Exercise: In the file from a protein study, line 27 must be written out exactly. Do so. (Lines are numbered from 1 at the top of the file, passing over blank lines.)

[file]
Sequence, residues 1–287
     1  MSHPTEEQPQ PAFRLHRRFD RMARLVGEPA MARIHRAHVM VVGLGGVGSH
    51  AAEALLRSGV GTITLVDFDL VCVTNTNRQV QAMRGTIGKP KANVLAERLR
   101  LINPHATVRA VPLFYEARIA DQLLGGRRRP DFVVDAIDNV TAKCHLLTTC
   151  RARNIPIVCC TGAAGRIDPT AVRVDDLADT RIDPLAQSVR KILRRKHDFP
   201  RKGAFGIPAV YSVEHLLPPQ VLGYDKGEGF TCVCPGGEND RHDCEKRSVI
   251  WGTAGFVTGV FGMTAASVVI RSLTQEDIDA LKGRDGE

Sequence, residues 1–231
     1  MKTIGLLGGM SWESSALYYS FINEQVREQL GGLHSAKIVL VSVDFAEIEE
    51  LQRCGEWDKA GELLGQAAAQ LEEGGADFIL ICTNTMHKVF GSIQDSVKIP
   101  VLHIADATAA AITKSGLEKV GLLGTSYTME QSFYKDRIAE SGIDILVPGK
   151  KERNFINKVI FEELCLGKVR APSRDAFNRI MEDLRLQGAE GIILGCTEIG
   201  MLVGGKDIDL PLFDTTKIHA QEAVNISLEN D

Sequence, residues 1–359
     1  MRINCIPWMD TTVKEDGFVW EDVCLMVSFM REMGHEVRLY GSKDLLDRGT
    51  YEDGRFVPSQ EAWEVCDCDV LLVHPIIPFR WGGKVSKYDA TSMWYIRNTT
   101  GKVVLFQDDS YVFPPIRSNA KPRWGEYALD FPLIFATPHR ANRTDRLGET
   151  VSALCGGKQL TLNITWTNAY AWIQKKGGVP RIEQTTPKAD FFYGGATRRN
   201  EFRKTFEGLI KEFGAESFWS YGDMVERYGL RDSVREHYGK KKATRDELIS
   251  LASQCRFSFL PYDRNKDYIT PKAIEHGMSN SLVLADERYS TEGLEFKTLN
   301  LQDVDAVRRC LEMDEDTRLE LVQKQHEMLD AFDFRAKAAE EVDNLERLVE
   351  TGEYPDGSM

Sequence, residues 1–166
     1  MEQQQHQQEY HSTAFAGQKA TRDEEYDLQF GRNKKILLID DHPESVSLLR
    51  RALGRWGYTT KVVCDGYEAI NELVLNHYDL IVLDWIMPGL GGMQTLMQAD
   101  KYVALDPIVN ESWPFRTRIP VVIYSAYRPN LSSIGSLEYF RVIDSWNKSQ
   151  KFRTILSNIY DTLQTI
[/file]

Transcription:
   151  KFRTILSNIY DTLQTI